Kind of sad this thread gets no love, because I got a lot of great recommendations and interesting perspectives from it!
Some stuff I’ve read since last post:
The Raven Tower by Ann Leckie
Very nice SF novel by Leckie, told from an interestingly semi-omniscient perspective (all seeing, perhaps, but not all knowing). With this and the Broken Earth series it feels like maybe the distant inheritors of LeGuin are finally here. The plot is hard to describe without spoilers but is about a iron age civilization and its complex relationship with its gods. Recommended to anyone who likes thoughtful SF.
A Memory Called Empire by Arkady Martine
Wonderful very Iain M Banks-ish SF novel about the new ambassador from a vulnerable civilization to a dominant space empire with very elaborate customs. The book is really all about language, culture and people in a way that is rarely seen, and is very well-executed. Like Banks the focus is always on the characters, too, not the technology. As a bonus it’s basically humane and sane, rather than grim and cynical. Strongly recommended to anyone who liked Banks or just likes good SF. Possible contender for my top ten favourite books.
Blood, Sweat and Pixels by Jason Schrier
Essentially an extended journalistic piece by Schrier, famed for his access and reliable contacts, covering the development of a number of troubled games from the last decade or so. It’s short and a fairly light read, and comes across rather as an apologia for crunch, but still interesting and would be very informative to a lot of people who make grand proclamations about game dev.
Children of Time by Adrian Tchaikovsky
If you put all of Tchaikovsky’s recurrent themes and ideas into sort of randomiser, I feel like this book might well be the result. We start with would-imperialist colonisers falling into ideological in-fighting and accidentally seeding a terraformed planet with increasingly large and smart jumping spiders instead of a servant race and it all goes from there. Surprisingly, the book actually works really well, with lightly sketched but plausible and enjoyable characters, a good sense of passage of time, some good twists, and a very believable and flawed technological development. A much better book than A Deepness In The Sky by Vernor Vinge, which contains a number of similar ideas, and is perhaps technically better written, yet is nowhere near as compelling nor as deft in handling difficult subjects (Vinge ends up resorting to crude extremism to make his point, which works emotionally but seems cheap and unlikely when reflected upon).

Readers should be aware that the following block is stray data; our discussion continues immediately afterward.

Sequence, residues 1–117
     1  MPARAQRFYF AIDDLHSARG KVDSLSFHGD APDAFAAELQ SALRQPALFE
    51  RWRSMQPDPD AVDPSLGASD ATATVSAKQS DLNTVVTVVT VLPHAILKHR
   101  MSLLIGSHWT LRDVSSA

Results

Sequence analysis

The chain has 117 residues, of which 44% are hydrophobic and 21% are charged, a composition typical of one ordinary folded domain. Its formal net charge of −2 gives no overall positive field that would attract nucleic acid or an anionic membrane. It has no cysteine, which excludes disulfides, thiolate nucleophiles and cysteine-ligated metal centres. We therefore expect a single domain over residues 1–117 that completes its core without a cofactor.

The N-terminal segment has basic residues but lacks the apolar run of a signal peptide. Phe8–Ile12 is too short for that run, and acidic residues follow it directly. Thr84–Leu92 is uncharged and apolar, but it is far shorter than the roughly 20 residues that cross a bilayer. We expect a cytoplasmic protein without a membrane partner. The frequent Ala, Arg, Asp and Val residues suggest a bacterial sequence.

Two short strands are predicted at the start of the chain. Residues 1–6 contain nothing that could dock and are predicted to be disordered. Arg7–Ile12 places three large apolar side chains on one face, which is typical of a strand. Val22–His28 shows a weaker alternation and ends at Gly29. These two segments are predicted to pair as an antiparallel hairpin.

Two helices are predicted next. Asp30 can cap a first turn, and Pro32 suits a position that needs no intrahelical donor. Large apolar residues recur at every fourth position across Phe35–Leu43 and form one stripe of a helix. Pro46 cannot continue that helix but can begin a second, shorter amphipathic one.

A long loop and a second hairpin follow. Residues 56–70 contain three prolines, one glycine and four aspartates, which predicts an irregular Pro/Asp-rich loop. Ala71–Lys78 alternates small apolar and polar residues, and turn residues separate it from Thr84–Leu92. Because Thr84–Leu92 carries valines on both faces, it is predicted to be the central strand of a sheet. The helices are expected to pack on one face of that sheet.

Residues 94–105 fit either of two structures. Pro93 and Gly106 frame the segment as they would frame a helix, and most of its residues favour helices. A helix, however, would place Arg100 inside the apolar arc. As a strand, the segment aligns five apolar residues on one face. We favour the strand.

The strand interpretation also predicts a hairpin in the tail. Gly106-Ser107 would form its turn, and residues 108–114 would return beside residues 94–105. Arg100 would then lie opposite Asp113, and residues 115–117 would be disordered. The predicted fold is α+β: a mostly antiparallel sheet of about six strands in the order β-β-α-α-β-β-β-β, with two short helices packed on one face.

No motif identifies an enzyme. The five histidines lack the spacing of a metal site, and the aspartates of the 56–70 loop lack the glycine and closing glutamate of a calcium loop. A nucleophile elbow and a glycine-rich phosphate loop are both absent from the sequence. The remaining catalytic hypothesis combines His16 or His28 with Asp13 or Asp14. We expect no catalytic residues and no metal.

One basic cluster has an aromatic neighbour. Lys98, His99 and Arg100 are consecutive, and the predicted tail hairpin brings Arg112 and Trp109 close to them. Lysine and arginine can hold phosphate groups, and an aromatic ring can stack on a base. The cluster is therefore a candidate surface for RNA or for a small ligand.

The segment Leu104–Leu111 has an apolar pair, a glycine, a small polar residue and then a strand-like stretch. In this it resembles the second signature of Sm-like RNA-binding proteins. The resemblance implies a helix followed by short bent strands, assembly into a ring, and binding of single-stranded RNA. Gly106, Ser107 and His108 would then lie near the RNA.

The Gutter Prayer by Gareth Hanrahan
A grim weird-fantasy novel interesting mainly in that it is the first novel I’ve read that is clearly inspired by Perdido Street Station, and trying to do something similar. Unfortunately Hanrahan does not have Mievilles edge, wit, or whimsy, so it’s a more pedestrian tale, that feels very much a ‘genre novel’, just from a rare genre. Lots of briefly cool ideas and a fair willingness to “kill your darlings” do not add up to greatness, sadly. Still better than most fantasy genre fiction so there’s that I guess.